How does cellular metabolism change in different environments? Metabolism is the result of a highly enmeshed set of biochemical reactions, naturally amenable to graph-based analyses. Yet there are multiple ways to construct a graph representation from a metabolic model. 

This work, a collaboration between Oxford Mathematician Mariano Beguerisse and colleagues in mathematics and bioengineering from Imperial College and the Polytecnic University of Valencia, proposes a principled framework to construct genome-scale models of metabolism using modern network science. These models resolve various challenges, such as the incorporation of pool metabolites, directionality of metabolic flows, and scenario-specific flux information. 

This framework abandons metabolic descriptions that are generic blueprints in favour of tailored metabolic descriptions under any specific context of interest. For example, this model predicts the way in which the metabolism of Escherichia coli re-routes metabolic flows as environmental conditions change from being oxygen-rich (aerobic) to oxygen-poor (anaerobic). In many situations the reactions that constitute metabolic pathways form tighly-knit clusters, but in other cases the reactions may be dispersed, or not even connected to the network. Creating scenario-specific metabolic networks allows us to study how pathways behave in different conditions, and understand the role that individual reactions play. An analysis of the metabolism of human liver cells with a rare metabolic disease identifies several key reactions that flux-only analyses miss because they do not incorporate the rewiring of the metabolic network.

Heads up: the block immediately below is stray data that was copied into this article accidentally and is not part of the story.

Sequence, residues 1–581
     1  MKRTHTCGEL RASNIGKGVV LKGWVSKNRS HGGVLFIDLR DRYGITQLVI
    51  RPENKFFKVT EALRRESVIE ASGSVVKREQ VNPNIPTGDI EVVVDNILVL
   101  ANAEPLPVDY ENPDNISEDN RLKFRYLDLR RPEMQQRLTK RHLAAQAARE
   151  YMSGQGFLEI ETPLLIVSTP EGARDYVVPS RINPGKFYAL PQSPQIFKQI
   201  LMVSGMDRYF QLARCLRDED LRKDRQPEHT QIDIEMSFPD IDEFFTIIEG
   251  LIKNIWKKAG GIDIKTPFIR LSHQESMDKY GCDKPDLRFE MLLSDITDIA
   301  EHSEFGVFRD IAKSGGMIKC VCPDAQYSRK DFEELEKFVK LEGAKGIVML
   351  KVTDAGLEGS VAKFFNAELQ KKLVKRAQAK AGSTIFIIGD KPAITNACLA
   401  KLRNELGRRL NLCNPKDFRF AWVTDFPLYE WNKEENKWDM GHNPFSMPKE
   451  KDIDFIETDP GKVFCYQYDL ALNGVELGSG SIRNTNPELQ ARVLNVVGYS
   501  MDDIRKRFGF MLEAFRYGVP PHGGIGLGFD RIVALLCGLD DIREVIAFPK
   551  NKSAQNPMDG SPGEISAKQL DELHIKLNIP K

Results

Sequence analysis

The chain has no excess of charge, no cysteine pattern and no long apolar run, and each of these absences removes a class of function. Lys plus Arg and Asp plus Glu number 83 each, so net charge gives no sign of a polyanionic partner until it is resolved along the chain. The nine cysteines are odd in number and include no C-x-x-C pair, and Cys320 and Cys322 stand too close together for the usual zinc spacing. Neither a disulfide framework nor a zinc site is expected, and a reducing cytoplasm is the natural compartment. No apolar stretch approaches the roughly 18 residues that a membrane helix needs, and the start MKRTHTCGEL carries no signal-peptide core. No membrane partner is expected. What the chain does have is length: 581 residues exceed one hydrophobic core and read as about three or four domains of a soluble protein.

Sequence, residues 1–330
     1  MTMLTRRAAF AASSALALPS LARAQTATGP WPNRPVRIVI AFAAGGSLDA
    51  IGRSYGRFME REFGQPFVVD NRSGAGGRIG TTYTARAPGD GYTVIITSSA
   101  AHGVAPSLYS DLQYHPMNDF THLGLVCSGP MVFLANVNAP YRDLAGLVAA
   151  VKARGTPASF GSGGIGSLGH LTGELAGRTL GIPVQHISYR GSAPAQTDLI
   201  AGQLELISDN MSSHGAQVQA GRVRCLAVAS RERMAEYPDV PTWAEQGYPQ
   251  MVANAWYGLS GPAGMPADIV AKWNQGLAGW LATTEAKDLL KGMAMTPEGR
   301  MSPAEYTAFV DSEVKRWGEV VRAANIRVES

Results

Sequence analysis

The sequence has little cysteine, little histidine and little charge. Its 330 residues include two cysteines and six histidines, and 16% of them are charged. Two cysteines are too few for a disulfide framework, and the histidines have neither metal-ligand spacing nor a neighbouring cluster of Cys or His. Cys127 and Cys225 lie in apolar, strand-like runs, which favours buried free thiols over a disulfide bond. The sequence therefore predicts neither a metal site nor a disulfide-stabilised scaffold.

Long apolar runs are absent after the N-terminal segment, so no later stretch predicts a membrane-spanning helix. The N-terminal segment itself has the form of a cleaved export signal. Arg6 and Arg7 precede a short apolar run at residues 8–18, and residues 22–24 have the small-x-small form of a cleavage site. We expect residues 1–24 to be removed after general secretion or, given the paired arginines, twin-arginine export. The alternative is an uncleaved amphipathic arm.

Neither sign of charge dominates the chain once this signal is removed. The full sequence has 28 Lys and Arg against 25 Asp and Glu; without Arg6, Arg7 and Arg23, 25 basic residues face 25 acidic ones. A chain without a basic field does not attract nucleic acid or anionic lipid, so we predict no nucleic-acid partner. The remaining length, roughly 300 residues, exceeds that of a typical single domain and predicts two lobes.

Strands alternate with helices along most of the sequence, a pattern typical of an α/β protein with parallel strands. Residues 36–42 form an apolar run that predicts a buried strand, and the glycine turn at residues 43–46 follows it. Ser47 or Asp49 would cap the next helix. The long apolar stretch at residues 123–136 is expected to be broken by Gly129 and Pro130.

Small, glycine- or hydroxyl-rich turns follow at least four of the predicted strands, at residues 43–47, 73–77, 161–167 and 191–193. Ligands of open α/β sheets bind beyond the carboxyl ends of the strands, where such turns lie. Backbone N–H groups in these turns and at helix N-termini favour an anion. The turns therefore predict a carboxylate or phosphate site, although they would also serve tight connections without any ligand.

The method can be integrated into pipelines based on flux balance analysis and provides a systematic framework to explore changes in network connectivity as a result of environmental shifts or genetic perturbations. The paper giving more details on the research appears in the journal NPJ Systems Biology and Applications.


The image above shows two metabolic reaction networks of E. coli. The top network shows the metabolic connectivity under normal conditions. When the oxygen is removed from the environment, the cell must drastically re-wire its metabolism in order to survive (bottom). Click to enlarge.

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